In "The Crucible", what is John Proctor complaint against Parris' sermons?Which two men does Proctor have an argument with?
In act one, John Proctor voices his displeasure with Reverend Parris for requesting Reverend Hale's presence to look for signs of witchcraft without first holding a meeting to discuss the matter. Proctor then begins to argue with Mr. Putnam over the right to assemble in order to vote on the matter. When Mr. Putnam criticizes Proctor for skipping church services, Proctor begins to ridicule Reverend Parris for his harsh, negative sermons every Sunday. Proctor tells Parris,
There are many others who stay away from church these days because you hardly ever mention God anymore (Miller, 29).
Proctor then continues to complain about Reverend Parris's greed by mentioning how he is the only minister to ever ask for a deed to his home. Toward the end of act one, Giles Corey agrees to help John Proctor drag lumber out of his forest as they leave Reverend Parris's home. On their way out, Mr. Putnam starts another argument with Proctor by claiming that Proctor is taking lumber that is on his land, a typical complaint coming from the greedy Mr. Putnam.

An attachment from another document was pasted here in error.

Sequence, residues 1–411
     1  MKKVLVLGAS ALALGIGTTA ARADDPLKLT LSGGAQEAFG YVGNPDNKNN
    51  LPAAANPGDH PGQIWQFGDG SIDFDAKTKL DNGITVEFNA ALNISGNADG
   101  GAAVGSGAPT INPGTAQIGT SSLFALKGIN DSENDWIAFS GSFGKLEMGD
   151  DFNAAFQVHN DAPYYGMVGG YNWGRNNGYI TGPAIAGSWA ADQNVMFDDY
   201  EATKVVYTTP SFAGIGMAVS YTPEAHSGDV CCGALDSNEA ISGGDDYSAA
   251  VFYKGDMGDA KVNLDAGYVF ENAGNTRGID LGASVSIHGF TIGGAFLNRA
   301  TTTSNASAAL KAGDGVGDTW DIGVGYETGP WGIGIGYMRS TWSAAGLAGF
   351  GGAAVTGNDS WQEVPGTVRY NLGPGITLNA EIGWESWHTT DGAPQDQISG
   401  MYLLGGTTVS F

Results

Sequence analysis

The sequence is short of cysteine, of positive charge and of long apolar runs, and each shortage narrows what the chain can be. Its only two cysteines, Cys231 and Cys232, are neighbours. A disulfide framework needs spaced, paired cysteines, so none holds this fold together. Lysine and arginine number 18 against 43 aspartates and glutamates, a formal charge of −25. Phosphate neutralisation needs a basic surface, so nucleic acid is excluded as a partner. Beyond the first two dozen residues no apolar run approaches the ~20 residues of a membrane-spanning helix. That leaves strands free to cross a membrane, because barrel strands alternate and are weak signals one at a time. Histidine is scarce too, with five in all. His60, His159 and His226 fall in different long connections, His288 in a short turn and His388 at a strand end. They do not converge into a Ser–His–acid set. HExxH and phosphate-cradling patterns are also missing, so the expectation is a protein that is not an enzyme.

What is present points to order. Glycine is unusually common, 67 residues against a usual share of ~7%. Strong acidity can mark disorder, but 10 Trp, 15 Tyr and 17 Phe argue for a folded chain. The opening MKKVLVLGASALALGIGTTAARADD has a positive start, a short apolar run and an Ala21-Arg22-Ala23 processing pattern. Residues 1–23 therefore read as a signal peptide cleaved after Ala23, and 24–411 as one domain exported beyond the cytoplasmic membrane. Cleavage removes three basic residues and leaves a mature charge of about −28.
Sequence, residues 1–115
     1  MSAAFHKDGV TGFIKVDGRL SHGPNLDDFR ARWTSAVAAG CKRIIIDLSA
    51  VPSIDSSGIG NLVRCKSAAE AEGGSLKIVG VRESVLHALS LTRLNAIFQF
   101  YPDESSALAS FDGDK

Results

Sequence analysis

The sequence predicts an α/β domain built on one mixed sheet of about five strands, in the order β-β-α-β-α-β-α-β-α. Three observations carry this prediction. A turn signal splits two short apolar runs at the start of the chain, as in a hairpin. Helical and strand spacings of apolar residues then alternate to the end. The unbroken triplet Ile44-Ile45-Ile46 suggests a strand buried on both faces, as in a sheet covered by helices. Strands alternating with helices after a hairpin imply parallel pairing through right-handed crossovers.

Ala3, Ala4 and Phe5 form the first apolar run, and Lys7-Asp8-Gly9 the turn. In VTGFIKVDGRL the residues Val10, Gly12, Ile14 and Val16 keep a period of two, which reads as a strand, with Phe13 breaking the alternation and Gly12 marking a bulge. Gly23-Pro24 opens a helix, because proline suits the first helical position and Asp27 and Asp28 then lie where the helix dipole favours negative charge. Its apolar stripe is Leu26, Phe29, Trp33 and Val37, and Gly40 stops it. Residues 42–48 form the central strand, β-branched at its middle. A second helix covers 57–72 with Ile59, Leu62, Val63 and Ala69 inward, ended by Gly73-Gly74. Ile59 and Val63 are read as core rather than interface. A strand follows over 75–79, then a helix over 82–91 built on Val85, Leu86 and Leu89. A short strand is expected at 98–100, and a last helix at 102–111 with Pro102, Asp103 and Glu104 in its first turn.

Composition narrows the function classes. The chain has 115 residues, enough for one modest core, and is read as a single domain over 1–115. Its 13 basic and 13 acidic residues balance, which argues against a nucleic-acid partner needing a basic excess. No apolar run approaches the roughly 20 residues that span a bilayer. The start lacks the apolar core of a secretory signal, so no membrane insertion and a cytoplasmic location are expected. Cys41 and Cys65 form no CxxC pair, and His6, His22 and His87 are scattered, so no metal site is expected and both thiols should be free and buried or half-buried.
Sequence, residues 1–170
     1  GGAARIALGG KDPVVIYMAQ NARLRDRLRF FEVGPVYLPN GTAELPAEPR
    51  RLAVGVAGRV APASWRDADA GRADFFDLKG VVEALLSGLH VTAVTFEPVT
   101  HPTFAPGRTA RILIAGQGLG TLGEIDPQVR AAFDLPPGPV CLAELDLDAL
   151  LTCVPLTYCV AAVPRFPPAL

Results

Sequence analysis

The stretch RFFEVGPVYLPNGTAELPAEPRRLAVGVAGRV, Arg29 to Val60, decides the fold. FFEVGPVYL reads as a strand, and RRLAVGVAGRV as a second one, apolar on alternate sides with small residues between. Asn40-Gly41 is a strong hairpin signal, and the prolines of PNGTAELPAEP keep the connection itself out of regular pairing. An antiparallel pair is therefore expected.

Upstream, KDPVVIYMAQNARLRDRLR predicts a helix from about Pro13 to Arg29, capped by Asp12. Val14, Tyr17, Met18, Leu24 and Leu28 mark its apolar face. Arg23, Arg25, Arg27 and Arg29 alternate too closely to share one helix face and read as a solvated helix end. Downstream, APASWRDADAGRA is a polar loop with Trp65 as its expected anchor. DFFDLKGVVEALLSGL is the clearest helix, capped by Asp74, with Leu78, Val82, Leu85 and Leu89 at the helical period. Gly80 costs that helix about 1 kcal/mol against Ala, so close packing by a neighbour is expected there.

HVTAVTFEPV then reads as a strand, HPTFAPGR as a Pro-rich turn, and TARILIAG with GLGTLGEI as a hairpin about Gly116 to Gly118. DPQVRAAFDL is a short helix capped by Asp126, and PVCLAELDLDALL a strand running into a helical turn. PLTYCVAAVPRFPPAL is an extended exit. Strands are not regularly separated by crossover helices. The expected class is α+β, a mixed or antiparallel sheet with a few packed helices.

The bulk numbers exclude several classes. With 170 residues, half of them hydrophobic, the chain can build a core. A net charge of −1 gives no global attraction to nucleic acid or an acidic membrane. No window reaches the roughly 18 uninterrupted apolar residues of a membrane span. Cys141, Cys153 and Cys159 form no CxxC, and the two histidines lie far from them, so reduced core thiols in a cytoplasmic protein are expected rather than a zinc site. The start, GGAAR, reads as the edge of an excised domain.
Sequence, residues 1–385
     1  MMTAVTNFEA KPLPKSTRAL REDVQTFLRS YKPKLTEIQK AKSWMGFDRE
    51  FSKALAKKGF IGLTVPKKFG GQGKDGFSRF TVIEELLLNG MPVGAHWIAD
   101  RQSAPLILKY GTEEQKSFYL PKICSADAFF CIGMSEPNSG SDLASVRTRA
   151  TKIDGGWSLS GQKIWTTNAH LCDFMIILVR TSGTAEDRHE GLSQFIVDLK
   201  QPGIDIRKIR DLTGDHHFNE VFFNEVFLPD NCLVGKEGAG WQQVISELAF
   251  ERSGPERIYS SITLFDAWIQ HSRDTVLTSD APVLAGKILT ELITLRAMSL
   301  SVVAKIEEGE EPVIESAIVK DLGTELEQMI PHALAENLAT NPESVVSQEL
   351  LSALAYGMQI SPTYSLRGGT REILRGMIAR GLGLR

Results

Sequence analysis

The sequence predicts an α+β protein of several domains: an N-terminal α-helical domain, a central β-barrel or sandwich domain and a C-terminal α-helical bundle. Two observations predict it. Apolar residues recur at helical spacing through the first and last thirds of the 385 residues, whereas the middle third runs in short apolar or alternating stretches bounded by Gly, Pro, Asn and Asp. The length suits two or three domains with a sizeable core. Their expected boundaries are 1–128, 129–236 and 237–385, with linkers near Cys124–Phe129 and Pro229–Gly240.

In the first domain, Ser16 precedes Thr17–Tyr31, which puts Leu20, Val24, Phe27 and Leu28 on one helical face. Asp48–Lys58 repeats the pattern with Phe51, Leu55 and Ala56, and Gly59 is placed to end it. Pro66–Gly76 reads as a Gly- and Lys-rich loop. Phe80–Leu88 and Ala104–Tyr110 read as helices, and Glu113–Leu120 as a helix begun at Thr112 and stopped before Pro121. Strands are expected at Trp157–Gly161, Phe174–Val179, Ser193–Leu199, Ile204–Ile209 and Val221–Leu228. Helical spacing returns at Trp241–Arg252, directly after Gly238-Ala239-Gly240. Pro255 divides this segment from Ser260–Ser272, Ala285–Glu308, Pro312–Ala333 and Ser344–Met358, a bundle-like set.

In act two, Proctor again voices his negative opinion of Reverend Parris by telling Reverend Hale that he does not see "the light of God" in Parris. He then begins to complain about Reverend Parris's greedy nature and insistence on having golden candlesticks. Proctor also argues with Ezekiel Cheever in act two when he comes to arrest Elizabeth.
At various points in the novel, Proctor reiterates his opinion that he does not see the "light of God" in Parris. Particularly during this time frame, ministers were thought to have near-supernatural connections with the almighty, and Proctor feels that Parris is not as connected with God as he should be.
His complaint against Parris's sermons is that they smack of greed and corruption. He points specifically to his constant railings about damnation and brimstone, and also asserts that he has preached about worldly gains like the golden candlesticks he wanted just so that he could get them.
The character of a corrupt minister is not confined to The Crucible, however. Throughout history, from stories like "The Minister's Black Veil" all the way to the present, we are shown preachers, priests, Levites, and religious figures who, for one reason or another, are of questionable character.
Proctor also argues with Putnam and other church members during this story as he attempts to defend women accused of witchcraft.
John Proctor's major complaint against Parris's sermons is that he preaches too much about hell and the eternal damnation of the people of Salem. In addition, Proctor does not accept Parris' greed -- Proctor tells Rev. Hale that Parris preached for months about getting golden candlesticks on his alter until he finally got them because the pewter ones that he originally had (made by Francis Nurse) were not good enough for him. In addition to having an argument with Parris, Proctor also dislikes Putnam because he thinks that he owns all the land in Salem and argues with Proctor over it in Act 1.